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Definition and pathology of primary sclerosing cholangitis.

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Second Department of Pathology, Kanazawa University School of Medicine, Kanazawa 920-8640, Japan.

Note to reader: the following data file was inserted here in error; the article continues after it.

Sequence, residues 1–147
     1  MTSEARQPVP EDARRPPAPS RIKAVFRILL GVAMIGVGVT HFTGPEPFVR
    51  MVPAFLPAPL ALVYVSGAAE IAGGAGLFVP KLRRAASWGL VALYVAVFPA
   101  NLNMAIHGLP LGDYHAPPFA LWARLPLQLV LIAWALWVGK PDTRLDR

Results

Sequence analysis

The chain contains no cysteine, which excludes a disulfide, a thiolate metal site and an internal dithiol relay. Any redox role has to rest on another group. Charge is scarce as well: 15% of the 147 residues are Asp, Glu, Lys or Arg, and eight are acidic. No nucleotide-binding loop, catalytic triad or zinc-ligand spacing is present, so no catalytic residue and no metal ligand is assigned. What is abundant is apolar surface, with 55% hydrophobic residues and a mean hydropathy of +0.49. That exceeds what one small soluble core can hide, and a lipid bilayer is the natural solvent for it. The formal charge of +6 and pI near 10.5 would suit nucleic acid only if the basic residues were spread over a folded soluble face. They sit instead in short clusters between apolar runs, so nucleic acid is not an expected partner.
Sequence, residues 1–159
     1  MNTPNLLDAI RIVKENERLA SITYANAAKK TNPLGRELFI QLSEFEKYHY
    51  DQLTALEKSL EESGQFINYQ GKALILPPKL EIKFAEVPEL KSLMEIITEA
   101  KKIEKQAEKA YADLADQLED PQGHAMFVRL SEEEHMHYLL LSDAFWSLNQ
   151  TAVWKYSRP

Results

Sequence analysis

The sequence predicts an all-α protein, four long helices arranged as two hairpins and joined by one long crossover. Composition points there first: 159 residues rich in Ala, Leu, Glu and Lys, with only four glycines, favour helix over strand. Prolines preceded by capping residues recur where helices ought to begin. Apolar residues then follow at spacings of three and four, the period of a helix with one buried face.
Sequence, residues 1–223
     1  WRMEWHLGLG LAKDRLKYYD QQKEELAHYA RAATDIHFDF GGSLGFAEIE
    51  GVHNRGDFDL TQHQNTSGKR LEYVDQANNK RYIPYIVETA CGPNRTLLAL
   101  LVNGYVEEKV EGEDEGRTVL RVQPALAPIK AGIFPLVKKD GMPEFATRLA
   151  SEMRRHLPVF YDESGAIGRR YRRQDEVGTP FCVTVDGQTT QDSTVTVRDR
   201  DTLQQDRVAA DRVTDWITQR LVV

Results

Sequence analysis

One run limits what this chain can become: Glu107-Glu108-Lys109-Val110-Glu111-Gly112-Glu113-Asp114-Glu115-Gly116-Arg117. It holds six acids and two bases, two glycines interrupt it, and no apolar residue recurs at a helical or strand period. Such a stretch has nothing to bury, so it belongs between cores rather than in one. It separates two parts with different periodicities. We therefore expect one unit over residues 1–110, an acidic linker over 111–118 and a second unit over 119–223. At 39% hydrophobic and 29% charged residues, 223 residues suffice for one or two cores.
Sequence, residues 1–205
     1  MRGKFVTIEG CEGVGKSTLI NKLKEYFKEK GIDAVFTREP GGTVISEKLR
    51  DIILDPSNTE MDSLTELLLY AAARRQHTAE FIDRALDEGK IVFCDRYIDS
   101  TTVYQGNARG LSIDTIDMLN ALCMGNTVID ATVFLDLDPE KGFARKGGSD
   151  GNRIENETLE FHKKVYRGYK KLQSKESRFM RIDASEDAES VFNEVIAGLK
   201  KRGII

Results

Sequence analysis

Although primary sclerosing cholangitis (PSC) is not a common disease, it is important in the differential diagnosis of hepatobiliary tract diseases in clinical practice. A diagnosis of PSC should be made only after the exclusion of similar diseases with well known etiologies or pathogeneses. In this review, the pathology of classical PSC and its variants or related diseases is highlighted. PSC is histologically characterized by progressive periductal fibrosis with luminal stenosis or obliteration, along with the formation of a fibrous core, as well as dilatation (cholangiectasis). Its etiology is unknown. Bacterial ascending cholangitis is superimposed on its long clinical course. Such a heterogeneous distribution of biliary lesions with biliary obliteration and cholangiectasis is responsible for the radiological demonstration of biliary abnormalities, particularly the beaded appearance. Sampling variability is common in needle or wedge biopsied specimens. As a result of biliary damage, the liver shows progressive cholestatic change followed by biliary fibrosis and cirrhosis, and this hepatic progression is divisible into four stages. There are several variants of PSC or related diseases, such as localized biliary sclerosis and stenosis, sclerosing cholangitis associated with inflammatory pseudotumor, and PSC-autoimmune hepatitis overlapping syndrome. Cholelithiasis, including secondary hepatolithiasis and, to a lesser degree, biliary carcinoma and dysplasia, are also known to develop at the perihilar bile ducts as a late complication of PSC.

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